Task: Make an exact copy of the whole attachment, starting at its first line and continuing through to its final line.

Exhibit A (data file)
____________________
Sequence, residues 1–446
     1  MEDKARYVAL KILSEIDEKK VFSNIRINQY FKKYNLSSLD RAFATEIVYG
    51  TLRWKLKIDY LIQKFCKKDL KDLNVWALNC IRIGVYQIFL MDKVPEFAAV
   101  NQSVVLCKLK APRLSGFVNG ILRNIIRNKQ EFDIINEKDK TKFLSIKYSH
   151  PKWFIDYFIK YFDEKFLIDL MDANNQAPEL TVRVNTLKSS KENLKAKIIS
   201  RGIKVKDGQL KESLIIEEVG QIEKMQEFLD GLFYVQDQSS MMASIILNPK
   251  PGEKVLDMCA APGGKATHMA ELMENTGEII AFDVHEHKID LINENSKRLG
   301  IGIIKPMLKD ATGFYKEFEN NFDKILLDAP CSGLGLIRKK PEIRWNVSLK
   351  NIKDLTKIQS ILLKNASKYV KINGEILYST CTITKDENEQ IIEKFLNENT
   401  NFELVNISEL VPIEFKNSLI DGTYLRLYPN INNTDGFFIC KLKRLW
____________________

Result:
Sequence, residues 1–446
     1  MEDKARYVAL KILSEIDEKK VFSNIRINQY FKKYNLSSLD RAFATEIVYG
    51  TLRWKLKIDY LIQKFCKKDL KDLNVWALNC IRIGVYQIFL MDKVPEFAAV
   101  NQSVVLCKLK APRLSGFVNG ILRNIIRNKQ EFDIINEKDK TKFLSIKYSH
   151  PKWFIDYFIK YFDEKFLIDL MDANNQAPEL TVRVNTLKSS KENLKAKIIS
   201  RGIKVKDGQL KESLIIEEVG QIEKMQEFLD GLFYVQDQSS MMASIILNPK
   251  PGEKVLDMCA APGGKATHMA ELMENTGEII AFDVHEHKID LINENSKRLG
   301  IGIIKPMLKD ATGFYKEFEN NFDKILLDAP CSGLGLIRKK PEIRWNVSLK
   351  NIKDLTKIQS ILLKNASKYV KINGEILYST CTITKDENEQ IIEKFLNENT
   401  NFELVNISEL VPIEFKNSLI DGTYLRLYPN INNTDGFFIC KLKRLW